The calculator's manual explains these features in detail. If your school acutally encourages the use of calculators, then you could always ask your instructors how to use the calculator. In addition, Ray Kremer's FAQ lists various tips regarding math functions of the calculator.
If you are having difficulty using the calculator for math, it might help to try thinking about the math problem in a different way rather than wondering about the calculator.
This question is actually a perfect example of what I mentioned in the last question. Computing the nth root of a number is the same as raising the number to the (1/n) power. So, if you need to find the 3rd (cube) root of 125, for example, you would type "125^(1/3)".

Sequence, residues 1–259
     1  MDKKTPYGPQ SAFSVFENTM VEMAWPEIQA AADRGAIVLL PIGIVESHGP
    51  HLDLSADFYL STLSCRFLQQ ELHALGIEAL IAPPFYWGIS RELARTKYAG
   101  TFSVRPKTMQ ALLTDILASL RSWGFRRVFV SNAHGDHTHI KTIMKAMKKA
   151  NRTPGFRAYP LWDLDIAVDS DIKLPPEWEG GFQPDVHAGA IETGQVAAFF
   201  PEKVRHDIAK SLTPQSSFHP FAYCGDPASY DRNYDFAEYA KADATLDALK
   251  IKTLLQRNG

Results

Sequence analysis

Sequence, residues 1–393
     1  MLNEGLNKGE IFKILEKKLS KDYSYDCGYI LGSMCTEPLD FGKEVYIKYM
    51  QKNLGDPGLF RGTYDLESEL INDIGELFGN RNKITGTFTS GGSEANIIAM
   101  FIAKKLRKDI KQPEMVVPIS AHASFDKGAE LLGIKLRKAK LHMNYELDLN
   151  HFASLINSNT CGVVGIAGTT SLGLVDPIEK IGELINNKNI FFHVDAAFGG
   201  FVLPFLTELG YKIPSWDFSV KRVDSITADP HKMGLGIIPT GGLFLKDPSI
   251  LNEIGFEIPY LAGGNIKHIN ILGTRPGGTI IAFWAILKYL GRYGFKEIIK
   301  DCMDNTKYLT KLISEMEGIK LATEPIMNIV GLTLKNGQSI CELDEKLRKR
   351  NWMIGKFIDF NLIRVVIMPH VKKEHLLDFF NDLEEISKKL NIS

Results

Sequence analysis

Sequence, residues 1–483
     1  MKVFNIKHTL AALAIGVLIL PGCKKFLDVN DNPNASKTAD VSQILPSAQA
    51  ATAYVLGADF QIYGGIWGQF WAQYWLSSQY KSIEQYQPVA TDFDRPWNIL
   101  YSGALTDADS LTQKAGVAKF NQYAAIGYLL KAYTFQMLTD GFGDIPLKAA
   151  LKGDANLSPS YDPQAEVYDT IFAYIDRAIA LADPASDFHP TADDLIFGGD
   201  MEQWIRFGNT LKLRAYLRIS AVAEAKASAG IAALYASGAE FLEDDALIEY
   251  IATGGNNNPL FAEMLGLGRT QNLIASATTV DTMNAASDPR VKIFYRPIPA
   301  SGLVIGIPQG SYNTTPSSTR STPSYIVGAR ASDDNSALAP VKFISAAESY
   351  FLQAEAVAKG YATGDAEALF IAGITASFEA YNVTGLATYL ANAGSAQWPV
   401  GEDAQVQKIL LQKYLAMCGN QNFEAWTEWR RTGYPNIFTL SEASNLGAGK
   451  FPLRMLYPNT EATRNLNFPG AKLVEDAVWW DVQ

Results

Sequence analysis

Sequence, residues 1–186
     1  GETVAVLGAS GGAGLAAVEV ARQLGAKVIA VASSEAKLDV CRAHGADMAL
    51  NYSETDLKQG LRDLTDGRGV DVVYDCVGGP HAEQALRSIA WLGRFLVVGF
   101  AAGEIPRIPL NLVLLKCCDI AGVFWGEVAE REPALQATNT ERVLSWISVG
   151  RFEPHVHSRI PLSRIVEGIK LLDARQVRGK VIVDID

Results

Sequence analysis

There is no one single source for such programs, but you could try the following sites:
Note, however, that the built-in math features of the calculator usually do much more than these programs. In many cases, the things that you might want a program to do (and which many programs have been written to do) could easily be done by hand or by using one or two of the built-in operations the calculator does. Most of the truly advanced math and science programs are on the TI-89/92/92+, though a few useful ones are available for the others (many of those under development are 83+ flash applications).
Of course not! Shame on you for even thinking such a thing!